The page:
Cris Ardmore, India’s latest tryst, is a Dominant who calls an isolated Hawaiian paradise home. India’s expecting forty-eight hours of contractually defined sex, but instead of serving as just another BDSM Band-Aid, Cris wants to know the real India Burke. Despite her aversion to anything approaching intimacy, India is hooked by their incredible sexual chemistry.
With tension ratcheting up in her professional life, India needs the release Cris offers more than ever, but her repeated visits come with their own risks. No matter how strong their attraction, India is determined to maintain her boundaries in order to keep her life whole after her first love blew it apart. She must choose between taking a chance and handing Cris the road map to her heart or locking down her borders before he does any more damage.
**Please note: Personal Geography is the first book in The Compass Series and is NOT a stand-alone. Intimate Geography, the second half of Cris and India's story, will release March 2nd 2015**
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What I thought about Personal Geography
I'm not going to rehash the events of this book because I think the synopsis covers it quite well. I really liked India Burke. She's a career-focused, type-A, high-powered consultant and to deal with all of that stress, she engages in submissive activities that allow her to turn her mind off and get away from the job. I loved her explanation of what the lifestyle does for her, and loved her friend Ray, the longtime friend who sets up her lost weekends. The contracts are specific -- India wants her playtime, but not a relationship. Nothing personal. That is until Cris Ardmore signs up to be her Dom for the weekend.
Cris is a bit different in that he is an extremely sensitive Dominant. He treats India in a way that has her considering how far she can let Cris into her life, but that thinking is colored by a past relationship that ruined her. Her scars are deep and letting him in isn't easy for India at all. I liked this aspect of the story very much -- how she struggles with her feelings for him, and in reverse, how Cris works toward understanding India.
The best part of Personal Geography are India and Cris. Even though this story is told in her point of view, we learn things about Cris that make him very appealing. I really want to know more about him and hope we get that in the next book in this series.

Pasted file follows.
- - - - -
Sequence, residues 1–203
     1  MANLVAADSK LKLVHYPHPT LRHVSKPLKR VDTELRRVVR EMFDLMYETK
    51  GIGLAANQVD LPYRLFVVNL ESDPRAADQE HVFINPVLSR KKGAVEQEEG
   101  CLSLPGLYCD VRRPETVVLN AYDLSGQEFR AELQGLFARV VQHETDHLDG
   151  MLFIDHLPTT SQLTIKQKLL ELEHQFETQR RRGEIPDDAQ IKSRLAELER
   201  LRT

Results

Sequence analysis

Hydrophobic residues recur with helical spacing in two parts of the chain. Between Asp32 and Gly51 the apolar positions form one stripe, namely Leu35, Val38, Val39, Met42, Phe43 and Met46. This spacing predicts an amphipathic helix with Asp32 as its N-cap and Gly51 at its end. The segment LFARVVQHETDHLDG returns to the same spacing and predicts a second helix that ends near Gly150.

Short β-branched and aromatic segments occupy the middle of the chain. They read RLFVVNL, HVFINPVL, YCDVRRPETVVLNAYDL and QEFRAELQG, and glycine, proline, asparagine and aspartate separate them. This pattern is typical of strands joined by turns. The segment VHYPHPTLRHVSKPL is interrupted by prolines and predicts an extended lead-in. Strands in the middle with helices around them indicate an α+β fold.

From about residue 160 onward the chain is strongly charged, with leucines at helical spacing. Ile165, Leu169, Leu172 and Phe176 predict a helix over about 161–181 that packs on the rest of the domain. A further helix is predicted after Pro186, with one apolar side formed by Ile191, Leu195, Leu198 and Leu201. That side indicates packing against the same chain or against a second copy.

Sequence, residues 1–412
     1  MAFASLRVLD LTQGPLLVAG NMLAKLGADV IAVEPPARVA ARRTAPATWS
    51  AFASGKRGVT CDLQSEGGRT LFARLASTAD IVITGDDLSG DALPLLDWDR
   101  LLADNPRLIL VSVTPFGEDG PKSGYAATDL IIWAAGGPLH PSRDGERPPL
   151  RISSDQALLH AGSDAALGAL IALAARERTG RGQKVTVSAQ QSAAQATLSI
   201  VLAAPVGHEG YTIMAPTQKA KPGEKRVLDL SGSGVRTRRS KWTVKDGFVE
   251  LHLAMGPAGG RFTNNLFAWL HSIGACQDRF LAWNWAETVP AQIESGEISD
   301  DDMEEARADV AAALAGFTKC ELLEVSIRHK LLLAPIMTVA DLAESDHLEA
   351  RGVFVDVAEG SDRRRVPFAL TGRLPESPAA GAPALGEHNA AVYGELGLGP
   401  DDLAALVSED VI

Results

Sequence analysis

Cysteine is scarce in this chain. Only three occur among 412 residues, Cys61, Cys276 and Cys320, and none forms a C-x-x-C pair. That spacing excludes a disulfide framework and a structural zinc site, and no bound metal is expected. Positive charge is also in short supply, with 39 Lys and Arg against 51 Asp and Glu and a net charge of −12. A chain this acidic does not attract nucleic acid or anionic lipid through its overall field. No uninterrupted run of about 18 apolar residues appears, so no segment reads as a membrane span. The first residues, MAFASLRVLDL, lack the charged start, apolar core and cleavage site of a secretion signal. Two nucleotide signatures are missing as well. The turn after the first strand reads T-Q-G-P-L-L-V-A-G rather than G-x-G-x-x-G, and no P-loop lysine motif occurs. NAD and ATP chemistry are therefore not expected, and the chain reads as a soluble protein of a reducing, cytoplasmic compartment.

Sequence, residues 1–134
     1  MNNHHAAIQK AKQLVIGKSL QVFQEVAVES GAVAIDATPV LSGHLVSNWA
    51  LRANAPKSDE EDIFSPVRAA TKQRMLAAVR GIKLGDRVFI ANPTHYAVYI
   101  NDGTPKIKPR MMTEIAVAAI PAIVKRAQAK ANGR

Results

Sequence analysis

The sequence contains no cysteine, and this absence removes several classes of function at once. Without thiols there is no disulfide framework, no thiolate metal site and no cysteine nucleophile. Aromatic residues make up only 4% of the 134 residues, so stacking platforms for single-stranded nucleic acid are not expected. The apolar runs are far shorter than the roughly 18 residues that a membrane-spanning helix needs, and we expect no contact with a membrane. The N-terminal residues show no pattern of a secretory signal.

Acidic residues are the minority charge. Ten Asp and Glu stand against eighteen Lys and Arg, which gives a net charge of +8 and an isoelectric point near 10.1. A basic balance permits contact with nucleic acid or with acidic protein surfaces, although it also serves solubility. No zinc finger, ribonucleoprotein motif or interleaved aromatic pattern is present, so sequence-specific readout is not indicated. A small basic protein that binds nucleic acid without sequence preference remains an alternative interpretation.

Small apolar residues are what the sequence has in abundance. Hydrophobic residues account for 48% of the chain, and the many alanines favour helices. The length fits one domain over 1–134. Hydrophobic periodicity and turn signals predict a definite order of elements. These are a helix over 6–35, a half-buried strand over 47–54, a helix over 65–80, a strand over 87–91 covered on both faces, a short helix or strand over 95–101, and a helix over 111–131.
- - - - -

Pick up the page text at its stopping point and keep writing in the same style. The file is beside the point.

I loved the characters and the story of how this female executive makes time for herself in the midst of all of her work. Personal Geography is really a falling-in-love story, and it's a very slow journey for India. I liked that, although at times I felt the pace could have been picked up in the story, based on finding myself looking at the % done on my ereader more than I usually do. My other observation was that the sex needed something I can't quite put my finger on. Maybe I've read too much BDSM sex, but I wanted more heat in the sex scenes, a connection--and a less clinical feel. Maybe that's indicative of India holding that piece of herself back, I don't know, but something didn't quite reach my "oh this is hot" place.
I will definitely be looking for book 2, Intimate Geography, because book 1 does end in what I'd call a good cliffhanger. Will India be able to overcome her past and embrace a future with Cris? I want to know!
Review copy provided by the author.
About the Author
Tamsen Parker is a stay-at-home mom by day, erotic romance writer by naptime. She lives with her family outside of Boston, where she tweets too much, sleeps too little and is always in the middle of a book. Aside from good food, sweet rieslings and gin cocktails, she has a fondness for monograms and subway maps. She should really start drinking coffee.